Wilkinson identifies difference-splitting in some late Rehnquist court decisions that resulted in ``a series of finely spun opinions that increasingly constitutionalized'' some volatile political debates. One decision, in 2004, concerned political gerrymandering in Pennsylvania. Four justices said all claims of unconstitutionally partisan gerrymandering are nonjusticiable because there are no truly judicial criteria for adjudicating them. Four other justices suggested various legal theories for adjudicating. Kennedy split the difference: He voted to reject the claim of unconstitutional gerrymandering, but refused to ``foreclose all possibility of judicial relief'' if some ``limited and precise'' constitutional violation were ``found.''
Where can it be ``found''? Inevitably, not in the Constitution's text, history and structure but in judges' intuitions about ``fairness.'' Thus does constitutional doctrine become little more than the judiciary's temperament, or the temper of the times. But elections, not courts, are supposed to take the nation's temperature.
In some ``finely spun'' Rehnquist court decisions, a monument featuring the Ten Commandments on the Texas Capitol grounds was not unconstitutional, but Ten Commandment displays, with other historical documents, in the hallways of two Kentucky courthouses were unconstitutional. The University of Michigan's policy of giving favored minorities 20 extra points on a 150-point admissions index to achieve undergraduate ``diversity'' was unconstitutional, but its law school's use of race as a ``'plus' factor'' to achieve ``a 'critical mass' of underrepresented minorities'' was constitutional -- assuming, as O'Connor thought it realistic and pertinent to do, that in 25 years race-conscious admissions policies will not be ``necessary.''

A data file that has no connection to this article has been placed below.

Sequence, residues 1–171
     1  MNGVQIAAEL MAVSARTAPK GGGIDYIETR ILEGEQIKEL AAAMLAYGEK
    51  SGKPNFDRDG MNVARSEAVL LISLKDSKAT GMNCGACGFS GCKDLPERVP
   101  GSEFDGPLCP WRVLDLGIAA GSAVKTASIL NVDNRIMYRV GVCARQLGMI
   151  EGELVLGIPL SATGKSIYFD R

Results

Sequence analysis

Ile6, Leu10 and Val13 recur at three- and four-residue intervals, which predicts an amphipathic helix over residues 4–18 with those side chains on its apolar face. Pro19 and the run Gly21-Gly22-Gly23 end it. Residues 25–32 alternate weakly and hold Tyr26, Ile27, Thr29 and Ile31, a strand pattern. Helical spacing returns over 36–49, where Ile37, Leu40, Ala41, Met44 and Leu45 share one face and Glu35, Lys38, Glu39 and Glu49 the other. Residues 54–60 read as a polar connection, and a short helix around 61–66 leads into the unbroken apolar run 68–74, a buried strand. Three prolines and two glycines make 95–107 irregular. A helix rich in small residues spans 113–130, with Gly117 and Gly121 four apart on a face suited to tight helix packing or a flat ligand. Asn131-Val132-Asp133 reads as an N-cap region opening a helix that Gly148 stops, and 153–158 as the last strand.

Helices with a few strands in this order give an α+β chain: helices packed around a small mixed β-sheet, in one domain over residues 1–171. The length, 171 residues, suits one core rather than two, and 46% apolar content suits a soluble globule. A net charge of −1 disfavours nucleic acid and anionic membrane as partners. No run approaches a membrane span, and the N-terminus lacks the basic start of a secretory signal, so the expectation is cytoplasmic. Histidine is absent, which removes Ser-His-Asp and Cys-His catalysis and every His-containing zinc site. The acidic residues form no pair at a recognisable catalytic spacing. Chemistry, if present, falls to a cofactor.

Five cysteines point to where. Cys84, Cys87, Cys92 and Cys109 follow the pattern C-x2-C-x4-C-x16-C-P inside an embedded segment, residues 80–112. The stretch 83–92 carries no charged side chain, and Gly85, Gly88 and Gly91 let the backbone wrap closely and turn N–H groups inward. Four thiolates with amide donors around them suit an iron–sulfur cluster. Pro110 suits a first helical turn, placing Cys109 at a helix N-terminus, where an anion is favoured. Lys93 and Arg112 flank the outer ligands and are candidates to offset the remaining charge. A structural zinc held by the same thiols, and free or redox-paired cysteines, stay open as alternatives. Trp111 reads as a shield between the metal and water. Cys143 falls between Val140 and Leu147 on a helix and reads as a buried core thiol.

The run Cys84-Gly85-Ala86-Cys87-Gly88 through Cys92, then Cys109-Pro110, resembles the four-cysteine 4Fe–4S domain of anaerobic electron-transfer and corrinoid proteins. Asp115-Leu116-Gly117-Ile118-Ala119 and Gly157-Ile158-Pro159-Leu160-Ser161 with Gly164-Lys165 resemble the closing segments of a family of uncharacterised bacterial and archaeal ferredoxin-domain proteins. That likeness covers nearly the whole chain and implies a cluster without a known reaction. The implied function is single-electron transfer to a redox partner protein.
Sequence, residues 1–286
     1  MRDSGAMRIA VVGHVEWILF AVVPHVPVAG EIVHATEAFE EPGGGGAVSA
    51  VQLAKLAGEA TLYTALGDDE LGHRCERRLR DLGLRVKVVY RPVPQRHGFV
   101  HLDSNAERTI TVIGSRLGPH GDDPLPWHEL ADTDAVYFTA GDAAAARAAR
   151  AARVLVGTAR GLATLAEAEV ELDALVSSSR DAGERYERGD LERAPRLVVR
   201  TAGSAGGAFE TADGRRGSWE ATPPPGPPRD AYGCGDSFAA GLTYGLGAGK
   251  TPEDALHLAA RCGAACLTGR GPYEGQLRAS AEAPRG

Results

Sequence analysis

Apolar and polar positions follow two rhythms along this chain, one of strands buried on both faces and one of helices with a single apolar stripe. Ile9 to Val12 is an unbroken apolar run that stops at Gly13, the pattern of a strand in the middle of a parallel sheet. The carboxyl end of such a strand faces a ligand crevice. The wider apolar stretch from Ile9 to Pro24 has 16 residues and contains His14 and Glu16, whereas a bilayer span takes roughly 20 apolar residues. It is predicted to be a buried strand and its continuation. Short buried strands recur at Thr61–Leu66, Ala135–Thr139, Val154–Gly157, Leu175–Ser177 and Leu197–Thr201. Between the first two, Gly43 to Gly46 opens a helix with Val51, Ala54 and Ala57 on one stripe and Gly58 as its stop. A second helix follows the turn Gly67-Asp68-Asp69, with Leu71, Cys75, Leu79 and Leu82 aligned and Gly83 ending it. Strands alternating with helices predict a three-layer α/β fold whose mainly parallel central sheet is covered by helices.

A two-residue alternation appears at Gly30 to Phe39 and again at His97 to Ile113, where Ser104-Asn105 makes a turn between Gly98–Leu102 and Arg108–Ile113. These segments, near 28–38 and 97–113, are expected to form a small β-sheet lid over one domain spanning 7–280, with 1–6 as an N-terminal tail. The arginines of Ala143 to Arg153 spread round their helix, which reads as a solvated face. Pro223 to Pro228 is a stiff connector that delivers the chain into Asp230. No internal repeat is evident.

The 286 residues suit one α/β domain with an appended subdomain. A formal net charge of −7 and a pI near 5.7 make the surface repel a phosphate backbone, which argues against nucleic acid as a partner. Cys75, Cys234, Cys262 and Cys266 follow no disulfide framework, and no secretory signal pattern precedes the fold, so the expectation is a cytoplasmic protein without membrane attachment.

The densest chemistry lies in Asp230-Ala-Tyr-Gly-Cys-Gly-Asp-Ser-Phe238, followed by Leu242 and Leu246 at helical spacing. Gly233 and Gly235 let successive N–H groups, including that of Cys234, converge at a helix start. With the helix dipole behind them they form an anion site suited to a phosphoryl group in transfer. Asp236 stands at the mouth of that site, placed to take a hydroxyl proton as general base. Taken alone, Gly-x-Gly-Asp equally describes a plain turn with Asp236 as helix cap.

Wilkinson acknowledges that ``splitting differences has real benefits'': ``The outcomes of cases are often sensible, the court itself is often statesmanlike, and the spacious language of the Constitution is often seductive. Splitting differences allows the court to appear simultaneously cautious and progressive.''
And yet: ``Americans deserve not a liberal court, not a conservative court, not even a wise or Solomonic court, but a court that respects the limits of its power and the place of others within the constitutional structure.''
Wilkinson warns that ``methodology matters supremely in the law, if it is not to become the kissing cousin of politics.'' Granted, ``split-the-difference'' jurisprudence can be institutional prudence, preserving the court's standing with a public more interested in judicial results than judicial reasoning. But when political reasoning supplants judicial reasoning, courts preserve their popularity by sacrificing their proper function.
``There is,'' Wilkinson says, ``a thin line between the unabashedly pragmatic exercise of splitting differences and the practice of politics itself,'' so ``splitting the difference ought not to be confused with judicial restraint.'' Eventually, the public will notice, and recoil against, courts supplanting democratic institutions as arbitrators of our differences.
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